Jemison Council amending job descriptions
By JOYANNA LOVE/ Senior Staff Writer
The Jemison City Council began the process of amending job descriptions for the city clerk and assistant city clerk to balance out the work load during a meeting on Oct. 1.
The City Council unanimously approved adding human resources responsibilities to the assistant city clerk job description and set the current assistant city clerk salary at 7C on the city’s pay scale.
City Administrator Shannon Welch said the changes were to “give our city clerk some breathing room, so that she is allowed to maintain that 30,000-foot view of our financial picture of our city.”
Welch said the assistant city clerk had already taken some classes on human resources and there were a few more she could take.
Jemison Mayor Eddie Reed said changes had been discussed prior to Vicki Potts coming into the city clerk position.
Councilman Rex Bittle asked if the Council needed to amend the city clerk job description to remove human resources responsibilities. Welch said that would need to be done eventually, but there are some other changes to the job description that are in the discussion phase. The plan is for all of the proposed changes to the city clerk position to be presented to the Council and voted on at a later date.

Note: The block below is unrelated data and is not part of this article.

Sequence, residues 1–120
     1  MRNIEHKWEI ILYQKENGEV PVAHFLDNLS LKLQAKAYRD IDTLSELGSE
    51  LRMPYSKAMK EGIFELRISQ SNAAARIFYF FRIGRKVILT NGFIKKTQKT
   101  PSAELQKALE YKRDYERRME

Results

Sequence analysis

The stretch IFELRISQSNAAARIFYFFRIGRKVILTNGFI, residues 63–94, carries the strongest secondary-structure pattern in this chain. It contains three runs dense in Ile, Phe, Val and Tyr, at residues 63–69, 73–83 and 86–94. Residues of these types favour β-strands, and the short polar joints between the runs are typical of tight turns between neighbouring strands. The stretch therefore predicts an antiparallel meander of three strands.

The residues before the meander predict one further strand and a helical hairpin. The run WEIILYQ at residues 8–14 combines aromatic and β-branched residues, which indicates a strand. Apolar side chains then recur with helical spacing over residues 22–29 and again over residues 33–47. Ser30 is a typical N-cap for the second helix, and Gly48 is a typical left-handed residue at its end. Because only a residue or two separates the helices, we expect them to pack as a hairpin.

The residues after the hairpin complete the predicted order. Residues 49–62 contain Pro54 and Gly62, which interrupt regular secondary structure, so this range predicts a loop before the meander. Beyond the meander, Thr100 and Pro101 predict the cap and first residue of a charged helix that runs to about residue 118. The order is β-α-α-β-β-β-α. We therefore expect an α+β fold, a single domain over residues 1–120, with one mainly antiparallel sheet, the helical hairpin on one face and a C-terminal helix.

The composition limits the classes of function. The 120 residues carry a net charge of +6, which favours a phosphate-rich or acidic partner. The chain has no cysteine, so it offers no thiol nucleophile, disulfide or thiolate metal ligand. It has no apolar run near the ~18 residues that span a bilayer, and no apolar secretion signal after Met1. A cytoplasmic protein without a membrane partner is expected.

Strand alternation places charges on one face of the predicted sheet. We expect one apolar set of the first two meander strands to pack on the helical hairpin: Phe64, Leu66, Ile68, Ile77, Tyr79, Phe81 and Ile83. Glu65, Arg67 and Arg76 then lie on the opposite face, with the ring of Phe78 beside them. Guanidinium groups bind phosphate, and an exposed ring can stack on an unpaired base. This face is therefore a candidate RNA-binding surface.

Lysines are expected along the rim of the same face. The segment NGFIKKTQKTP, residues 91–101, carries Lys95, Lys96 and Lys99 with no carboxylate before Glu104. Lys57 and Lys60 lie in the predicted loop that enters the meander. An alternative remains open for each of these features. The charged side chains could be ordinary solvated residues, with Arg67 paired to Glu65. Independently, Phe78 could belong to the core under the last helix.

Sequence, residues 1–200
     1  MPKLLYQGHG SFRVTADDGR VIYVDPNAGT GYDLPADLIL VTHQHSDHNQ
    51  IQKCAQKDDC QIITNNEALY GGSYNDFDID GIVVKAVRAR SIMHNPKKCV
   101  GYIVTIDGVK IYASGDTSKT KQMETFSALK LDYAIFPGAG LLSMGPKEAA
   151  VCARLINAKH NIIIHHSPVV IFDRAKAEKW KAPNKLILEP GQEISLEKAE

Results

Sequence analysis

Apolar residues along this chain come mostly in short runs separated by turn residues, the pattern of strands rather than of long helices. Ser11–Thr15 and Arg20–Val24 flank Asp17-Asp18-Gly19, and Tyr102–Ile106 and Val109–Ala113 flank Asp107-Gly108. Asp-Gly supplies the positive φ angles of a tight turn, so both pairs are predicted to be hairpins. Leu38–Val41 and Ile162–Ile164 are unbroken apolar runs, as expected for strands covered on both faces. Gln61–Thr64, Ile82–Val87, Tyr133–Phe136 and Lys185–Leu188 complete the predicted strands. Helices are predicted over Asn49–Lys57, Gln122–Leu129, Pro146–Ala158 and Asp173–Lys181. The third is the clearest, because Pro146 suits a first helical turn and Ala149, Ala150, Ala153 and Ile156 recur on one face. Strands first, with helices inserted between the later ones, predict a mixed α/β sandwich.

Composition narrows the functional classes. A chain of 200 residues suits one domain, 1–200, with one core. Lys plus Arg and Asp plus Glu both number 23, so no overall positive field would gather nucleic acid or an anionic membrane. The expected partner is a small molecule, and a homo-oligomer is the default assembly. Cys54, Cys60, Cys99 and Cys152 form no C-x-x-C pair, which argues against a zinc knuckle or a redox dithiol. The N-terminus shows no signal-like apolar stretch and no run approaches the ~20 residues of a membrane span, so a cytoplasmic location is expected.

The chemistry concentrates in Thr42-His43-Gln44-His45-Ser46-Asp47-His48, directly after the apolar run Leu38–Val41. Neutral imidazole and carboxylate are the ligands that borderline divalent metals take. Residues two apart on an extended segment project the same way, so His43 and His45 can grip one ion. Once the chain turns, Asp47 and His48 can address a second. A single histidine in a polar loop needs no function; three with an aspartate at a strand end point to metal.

Welch said there are also plans to move the city clerk’s office from the front office to somewhere with less distractions while the clerk works on finances.
The City Council also approved hiring an attorney to serve as the court-appointed attorney for those who cannot afford it. This attorney will make $750 per month.
“This is a good plan,” Reed said. “We don’t have a choice in this. By law, we have to appoint an attorney for any person that cannot afford an attorney and it is paid from the court.”
The move is expected to save the city money based on the current system which has cost up to $2,000 per month.
Welch said there have been up to four different attorneys appointed by the court at one time to serve as attorneys for those who cannot afford one in one court session.
An attorney, who has worked with the court for several years, has expressed interest in the position, according to Reed.